Chapter 10: Air transport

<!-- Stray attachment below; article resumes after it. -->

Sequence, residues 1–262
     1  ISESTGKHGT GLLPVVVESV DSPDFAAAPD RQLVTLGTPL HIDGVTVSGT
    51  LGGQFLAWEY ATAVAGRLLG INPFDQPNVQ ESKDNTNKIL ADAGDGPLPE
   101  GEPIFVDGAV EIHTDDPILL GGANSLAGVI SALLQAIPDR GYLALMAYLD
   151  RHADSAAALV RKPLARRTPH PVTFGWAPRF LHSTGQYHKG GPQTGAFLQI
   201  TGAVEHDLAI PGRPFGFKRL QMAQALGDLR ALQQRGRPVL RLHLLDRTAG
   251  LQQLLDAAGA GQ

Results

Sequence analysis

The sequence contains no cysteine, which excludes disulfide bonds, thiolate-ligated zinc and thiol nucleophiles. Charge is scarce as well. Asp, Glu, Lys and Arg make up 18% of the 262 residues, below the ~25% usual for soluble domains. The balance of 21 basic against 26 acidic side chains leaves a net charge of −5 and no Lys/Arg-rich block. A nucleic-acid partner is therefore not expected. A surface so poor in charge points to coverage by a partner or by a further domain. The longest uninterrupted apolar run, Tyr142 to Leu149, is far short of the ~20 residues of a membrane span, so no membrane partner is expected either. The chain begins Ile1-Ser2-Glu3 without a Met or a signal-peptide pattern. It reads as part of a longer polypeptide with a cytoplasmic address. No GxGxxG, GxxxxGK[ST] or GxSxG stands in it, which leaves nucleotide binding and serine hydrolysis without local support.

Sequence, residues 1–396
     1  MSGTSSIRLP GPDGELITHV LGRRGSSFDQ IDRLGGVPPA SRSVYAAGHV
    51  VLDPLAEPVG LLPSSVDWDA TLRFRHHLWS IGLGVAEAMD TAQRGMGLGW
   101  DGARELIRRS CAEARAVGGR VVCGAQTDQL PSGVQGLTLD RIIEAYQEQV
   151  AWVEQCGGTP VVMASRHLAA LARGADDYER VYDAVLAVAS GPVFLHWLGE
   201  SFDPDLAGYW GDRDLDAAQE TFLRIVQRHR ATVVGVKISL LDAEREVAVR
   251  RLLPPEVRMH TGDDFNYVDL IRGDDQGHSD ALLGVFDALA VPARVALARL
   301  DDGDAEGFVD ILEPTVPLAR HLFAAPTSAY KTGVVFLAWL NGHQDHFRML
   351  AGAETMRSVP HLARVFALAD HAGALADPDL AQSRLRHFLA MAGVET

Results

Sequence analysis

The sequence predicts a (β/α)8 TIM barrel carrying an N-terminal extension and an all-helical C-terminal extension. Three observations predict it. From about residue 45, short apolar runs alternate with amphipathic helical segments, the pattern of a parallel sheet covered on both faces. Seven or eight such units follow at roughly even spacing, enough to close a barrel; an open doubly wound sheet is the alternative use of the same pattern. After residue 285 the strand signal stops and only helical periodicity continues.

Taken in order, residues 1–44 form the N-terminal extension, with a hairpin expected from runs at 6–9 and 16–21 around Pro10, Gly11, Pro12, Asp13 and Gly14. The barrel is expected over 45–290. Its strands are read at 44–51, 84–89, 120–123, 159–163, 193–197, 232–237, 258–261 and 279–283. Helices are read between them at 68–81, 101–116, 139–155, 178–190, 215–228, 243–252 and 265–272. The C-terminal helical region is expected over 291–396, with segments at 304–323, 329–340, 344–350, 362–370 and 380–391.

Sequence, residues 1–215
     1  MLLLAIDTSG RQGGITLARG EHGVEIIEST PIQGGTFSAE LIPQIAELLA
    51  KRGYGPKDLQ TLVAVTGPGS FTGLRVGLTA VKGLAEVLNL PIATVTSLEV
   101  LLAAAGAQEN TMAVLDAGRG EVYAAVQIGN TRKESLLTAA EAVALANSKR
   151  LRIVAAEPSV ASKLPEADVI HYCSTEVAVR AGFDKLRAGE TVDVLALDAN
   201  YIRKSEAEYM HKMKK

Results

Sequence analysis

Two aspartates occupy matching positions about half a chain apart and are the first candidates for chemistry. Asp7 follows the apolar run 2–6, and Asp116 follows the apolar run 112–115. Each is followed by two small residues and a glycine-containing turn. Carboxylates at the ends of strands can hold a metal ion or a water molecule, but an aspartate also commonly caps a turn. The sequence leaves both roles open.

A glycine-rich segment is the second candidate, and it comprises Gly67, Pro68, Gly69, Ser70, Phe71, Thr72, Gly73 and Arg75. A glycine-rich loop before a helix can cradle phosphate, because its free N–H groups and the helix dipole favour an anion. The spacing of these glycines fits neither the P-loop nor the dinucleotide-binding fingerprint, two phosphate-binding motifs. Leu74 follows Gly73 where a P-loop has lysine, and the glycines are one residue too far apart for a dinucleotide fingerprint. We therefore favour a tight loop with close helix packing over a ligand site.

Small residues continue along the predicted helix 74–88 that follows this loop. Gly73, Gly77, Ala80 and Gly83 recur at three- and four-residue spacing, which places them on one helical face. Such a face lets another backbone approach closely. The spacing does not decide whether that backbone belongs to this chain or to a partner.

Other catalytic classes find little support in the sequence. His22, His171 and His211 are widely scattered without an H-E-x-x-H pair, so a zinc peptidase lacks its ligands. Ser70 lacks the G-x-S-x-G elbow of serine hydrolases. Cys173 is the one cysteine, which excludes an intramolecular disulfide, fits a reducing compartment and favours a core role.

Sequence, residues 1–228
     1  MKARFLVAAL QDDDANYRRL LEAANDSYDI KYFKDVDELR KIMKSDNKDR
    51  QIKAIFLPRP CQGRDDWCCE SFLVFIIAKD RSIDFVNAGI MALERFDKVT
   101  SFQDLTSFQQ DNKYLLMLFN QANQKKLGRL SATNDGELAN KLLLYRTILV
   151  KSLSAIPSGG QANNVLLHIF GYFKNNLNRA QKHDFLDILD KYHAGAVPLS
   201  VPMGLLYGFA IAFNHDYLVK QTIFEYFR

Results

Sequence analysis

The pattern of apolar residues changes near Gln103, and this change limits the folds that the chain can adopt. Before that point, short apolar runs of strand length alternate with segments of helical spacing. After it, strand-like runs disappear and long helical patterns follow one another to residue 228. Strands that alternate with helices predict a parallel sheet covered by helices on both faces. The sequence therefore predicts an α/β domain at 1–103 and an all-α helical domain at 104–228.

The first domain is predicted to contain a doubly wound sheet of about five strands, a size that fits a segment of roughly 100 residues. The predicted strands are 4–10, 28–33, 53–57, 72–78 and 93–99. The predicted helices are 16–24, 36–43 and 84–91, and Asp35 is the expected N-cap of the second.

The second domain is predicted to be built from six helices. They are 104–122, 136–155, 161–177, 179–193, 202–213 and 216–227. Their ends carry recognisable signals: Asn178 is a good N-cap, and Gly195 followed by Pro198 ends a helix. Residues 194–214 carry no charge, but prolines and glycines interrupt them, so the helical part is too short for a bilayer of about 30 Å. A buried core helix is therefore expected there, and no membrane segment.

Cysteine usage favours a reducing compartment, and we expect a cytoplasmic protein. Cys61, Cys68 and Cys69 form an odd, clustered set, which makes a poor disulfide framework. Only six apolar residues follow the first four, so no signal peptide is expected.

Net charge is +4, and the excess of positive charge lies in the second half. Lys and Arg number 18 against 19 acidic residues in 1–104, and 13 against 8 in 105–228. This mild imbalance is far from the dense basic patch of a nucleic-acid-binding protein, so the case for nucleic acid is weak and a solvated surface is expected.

Peter Johnson INTRODUCTION Up to the mid 1980s the air transport industry in Europe was characterised by a high degree of government intervention and control. All of Europe’s major airlines were owned by the state. National regulatory bodies had the responsibility for vetting proposed fare changes and for controlling capacity and entry. They also had responsibility for assessing the ﬁnancial ﬁtness of existing or would-be airlines. Air services between countries in Europe were the subject of bilateral agreements on pricing and capacity between the governments involved. Revenue sharing and the dominance of routes by state-owned ‘ﬂag’ carriers were the typical pattern. This framework of regulation reﬂected the long-established perception, not just in Europe but throughout the world, that traﬃc rights were valuable national assets to be traded for reciprocal traﬃc rights or even rights in other areas. Such a perception was enshrined in the 1944 Chicago Convention (Balfour 1990), which recognised each signatory’s complete and exclusive sovereignty over its airspace. In Europe itself, air transport was given special treatment under the Treaty of Rome: it was speciﬁcally excluded from the general provisions of transport policy, and until 1986 there was even some doubt about whether the Treaty’s competition provisions, particularly Article 85 – which dealt with agreements or practices between ﬁrms which aﬀected intra Community trade – applied to the industry. Since the mid 1980s, the regulatory environment in Europe has changed out of all recognition. The move towards deregulation started with some countries adopting a more...
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